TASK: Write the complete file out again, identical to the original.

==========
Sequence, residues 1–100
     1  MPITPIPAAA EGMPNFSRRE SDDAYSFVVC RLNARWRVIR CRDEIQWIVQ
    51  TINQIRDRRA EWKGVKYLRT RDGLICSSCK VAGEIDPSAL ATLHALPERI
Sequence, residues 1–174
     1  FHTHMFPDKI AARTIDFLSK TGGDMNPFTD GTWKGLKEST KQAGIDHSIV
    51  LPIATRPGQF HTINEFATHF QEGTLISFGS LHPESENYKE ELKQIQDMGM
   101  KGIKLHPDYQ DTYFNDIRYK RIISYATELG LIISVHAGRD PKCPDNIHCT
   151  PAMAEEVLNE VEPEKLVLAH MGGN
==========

Sequence, residues 1–100
     1  MPITPIPAAA EGMPNFSRRE SDDAYSFVVC RLNARWRVIR CRDEIQWIVQ
    51  TINQIRDRRA EWKGVKYLRT RDGLICSSCK VAGEIDPSAL ATLHALPERI
Sequence, residues 1–174
     1  FHTHMFPDKI AARTIDFLSK TGGDMNPFTD GTWKGLKEST KQAGIDHSIV
    51  LPIATRPGQF HTINEFATHF QEGTLISFGS LHPESENYKE ELKQIQDMGM
   101  KGIKLHPDYQ DTYFNDIRYK RIISYATELG LIISVHAGRD PKCPDNIHCT
   151  PAMAEEVLNE VEPEKLVLAH MGGN